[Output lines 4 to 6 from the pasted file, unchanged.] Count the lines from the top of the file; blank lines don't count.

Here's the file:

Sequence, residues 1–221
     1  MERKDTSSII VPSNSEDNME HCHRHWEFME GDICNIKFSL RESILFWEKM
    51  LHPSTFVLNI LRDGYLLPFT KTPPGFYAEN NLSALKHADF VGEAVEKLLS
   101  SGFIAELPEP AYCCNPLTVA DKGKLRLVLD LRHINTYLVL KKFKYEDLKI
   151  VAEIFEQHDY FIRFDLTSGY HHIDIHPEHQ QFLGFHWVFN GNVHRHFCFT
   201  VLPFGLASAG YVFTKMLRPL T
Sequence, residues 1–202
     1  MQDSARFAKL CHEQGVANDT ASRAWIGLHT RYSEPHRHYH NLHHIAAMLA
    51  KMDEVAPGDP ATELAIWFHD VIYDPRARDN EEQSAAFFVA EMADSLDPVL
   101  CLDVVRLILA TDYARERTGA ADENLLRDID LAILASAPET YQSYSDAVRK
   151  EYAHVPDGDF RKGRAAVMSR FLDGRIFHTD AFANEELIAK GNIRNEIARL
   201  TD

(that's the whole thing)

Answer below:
   101  SGFIAELPEP AYCCNPLTVA DKGKLRLVLD LRHINTYLVL KKFKYEDLKI
   151  VAEIFEQHDY FIRFDLTSGY HHIDIHPEHQ QFLGFHWVFN GNVHRHFCFT
   201  VLPFGLASAG YVFTKMLRPL T